Forcing companies that extract gas from Australian waters to pay royalties and a tax upon their surging profits would comfortably add $60 billion to the budget bottom line in coming years, independent modelling finds.
The estimates will form the basis of a cost-of-living package to be unveiled by Greens leader Adam Bandt, who will argue on Wednesday the revenue forgone in gas company taxes would more than cover free dental care and child care.
Gas companies, most of them based overseas, have been making billions of dollars in windfall profits while exporting Australian gas even as household energy bills soar and shortfalls loom.
“Billions in profits are going offshore effectively tax free,” Mr Bandt will say on Wednesday in his speech to the National Press Club outlining the party’s policy response to surging household inflation.
“The ATO has called the gas industry ‘systemic non-payers of tax’. In one year, 27 big gas corporations brought in $77 billion of revenue, but paid no tax!”
Nobel Prize-winning economist Joseph Stiglitz recently described a windfall profits tax on Australian energy companies as a “no-brainer” and described rising prices as a direct transfer of wealth from households to offshore companies.
The idea was endorsed by other members of the crossbench including independent MPs Zoe Daniel and Allegra Spender.
Mr Bandt will cite statistics showing that 96 per cent of the gas industry is foreign owned.
“These big corporations don’t even pay royalties for the gas,” he will say.
“They get the gas for free. The gas tax laws in this country are broken and our country is being taken for a ride.”
Subjecting gas companies to a 10 per cent royalty on production, cancelling their tax credits and subjecting windfall profits to a tax rate of 40 per cent would improve the budget position by $59 billion over four years, according to independent analysis prepared by the Parliamentary Budget Office.
That compares to the cost of adding dental care to Medicare and making child care free, the combined fiscal effect of which is only a little over $47 billion, again based on independent costing by the PBO.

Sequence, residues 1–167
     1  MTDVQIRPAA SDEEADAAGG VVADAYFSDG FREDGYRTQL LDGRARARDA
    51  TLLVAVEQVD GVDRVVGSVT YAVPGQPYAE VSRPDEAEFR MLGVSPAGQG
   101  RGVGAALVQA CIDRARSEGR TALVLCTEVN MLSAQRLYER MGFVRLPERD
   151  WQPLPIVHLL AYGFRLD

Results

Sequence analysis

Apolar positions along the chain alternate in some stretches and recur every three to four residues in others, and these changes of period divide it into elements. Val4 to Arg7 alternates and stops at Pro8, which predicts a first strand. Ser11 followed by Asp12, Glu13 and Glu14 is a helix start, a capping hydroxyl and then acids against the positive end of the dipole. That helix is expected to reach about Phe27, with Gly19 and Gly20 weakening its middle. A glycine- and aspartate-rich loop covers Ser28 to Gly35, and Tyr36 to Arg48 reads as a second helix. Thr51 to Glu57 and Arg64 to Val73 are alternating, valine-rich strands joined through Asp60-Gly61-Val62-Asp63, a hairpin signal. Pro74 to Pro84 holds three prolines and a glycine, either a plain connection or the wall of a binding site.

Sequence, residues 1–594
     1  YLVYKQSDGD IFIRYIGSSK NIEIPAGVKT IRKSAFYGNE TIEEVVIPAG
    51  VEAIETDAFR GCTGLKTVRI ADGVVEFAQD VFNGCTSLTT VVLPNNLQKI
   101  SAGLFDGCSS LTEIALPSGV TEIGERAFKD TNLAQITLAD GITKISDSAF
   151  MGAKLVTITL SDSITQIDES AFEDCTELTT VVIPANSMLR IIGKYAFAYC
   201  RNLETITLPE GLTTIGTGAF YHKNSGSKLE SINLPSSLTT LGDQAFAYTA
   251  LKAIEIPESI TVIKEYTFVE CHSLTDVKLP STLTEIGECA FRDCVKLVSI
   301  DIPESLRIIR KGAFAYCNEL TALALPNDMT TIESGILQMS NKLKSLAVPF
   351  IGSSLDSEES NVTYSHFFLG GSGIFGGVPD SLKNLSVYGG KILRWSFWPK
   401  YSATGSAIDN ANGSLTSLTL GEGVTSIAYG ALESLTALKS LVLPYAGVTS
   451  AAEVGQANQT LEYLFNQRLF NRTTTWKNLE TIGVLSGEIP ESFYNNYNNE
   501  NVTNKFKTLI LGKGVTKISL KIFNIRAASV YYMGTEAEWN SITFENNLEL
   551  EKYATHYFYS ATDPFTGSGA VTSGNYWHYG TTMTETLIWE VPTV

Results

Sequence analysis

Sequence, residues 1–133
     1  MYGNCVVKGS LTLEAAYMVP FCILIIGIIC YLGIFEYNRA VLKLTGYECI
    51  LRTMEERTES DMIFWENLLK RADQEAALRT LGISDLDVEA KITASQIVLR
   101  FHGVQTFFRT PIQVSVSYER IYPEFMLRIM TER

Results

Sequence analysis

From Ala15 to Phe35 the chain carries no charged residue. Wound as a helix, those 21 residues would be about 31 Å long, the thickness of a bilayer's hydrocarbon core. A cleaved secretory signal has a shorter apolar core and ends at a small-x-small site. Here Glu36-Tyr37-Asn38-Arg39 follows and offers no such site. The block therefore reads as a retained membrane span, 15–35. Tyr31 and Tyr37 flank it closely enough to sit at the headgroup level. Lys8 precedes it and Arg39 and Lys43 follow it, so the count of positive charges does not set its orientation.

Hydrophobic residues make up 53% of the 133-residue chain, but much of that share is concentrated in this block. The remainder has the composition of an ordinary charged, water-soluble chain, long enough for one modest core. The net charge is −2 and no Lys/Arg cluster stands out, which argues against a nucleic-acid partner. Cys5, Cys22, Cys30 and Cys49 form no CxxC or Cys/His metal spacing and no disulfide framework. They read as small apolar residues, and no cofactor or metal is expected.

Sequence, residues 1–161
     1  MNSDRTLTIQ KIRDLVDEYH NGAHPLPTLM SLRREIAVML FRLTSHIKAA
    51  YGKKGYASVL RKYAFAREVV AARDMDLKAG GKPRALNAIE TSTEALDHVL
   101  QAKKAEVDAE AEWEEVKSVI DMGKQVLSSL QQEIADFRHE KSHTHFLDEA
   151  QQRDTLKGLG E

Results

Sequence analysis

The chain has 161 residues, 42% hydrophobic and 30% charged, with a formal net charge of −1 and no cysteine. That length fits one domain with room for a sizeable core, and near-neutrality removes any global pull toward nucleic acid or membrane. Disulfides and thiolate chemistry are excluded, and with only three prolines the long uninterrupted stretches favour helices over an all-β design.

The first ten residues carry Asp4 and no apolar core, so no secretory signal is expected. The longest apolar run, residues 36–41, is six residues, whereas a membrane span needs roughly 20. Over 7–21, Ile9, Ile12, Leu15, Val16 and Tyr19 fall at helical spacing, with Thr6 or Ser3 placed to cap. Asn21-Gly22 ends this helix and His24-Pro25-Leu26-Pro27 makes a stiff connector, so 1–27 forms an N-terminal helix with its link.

“Getting dental into Medicare and making child care free could save a family of four up to nearly $7000 a year,” Mr Bandt will say.
“This would deliver real and immediate cost-of-living relief.”
Mr Bandt will also advocate for a tax on billionaires that would deliver some $50-billion to Australia’s fiscal position over the same, four-year period.
Millions of the poorest Australians neglect dental care because of the high cost, a figure that dentists say has increased with recent cost-of-living rises.
Liberals ‘deserve’ irrelevance
Mr Bandt will make the case that the Greens have taken on new mainstream political relevance following the decline of the Liberal Party, which fell to its lowest-ever electoral result in its history in May.
“The Liberals are irrelevant,” Mr Bandt will say.
“With Peter Dutton as their leader, we expect they will go backwards.
‘‘If they continue their denial, their defence of economic inequality and a profound lack of integrity, they deserve to be irrelevant.”
Only Mr Bandt and long-serving Tasmanian independent MP Andrew Wilkie asked the government about the effect of record-high inflation on household budgets during the opening question times of the newly opened Parliament last week.
The Greens leader will argue that the party he leads alone represents social democratic ideas in the current Parliament.
The government does not back calls for a windfall profits tax.
Resources Minister Madeleine King said on Monday the government will decide by “early October” whether to trigger laws enabling it to force gas producers to direct gas earmarked for export to local markets instead.
Australian Petroleum Production & Exploration Association acting chief executive Damian Dwyer said the gas industry delivered billions to state governments and employed 160,000 workers across its supply chain.
“The Greens have been abundantly clear that they want to close down the Australian gas industry – that would mean no royalties, no tax, no jobs, nothing to replace coal with, nothing to support renewables and no revenue to government,” he said.
“The industry pays both tax and royalties – tax in excess of 40 per cent on offshore projects once the massive investment is paid off, and royalties that deliver billions to state governments from onshore projects.”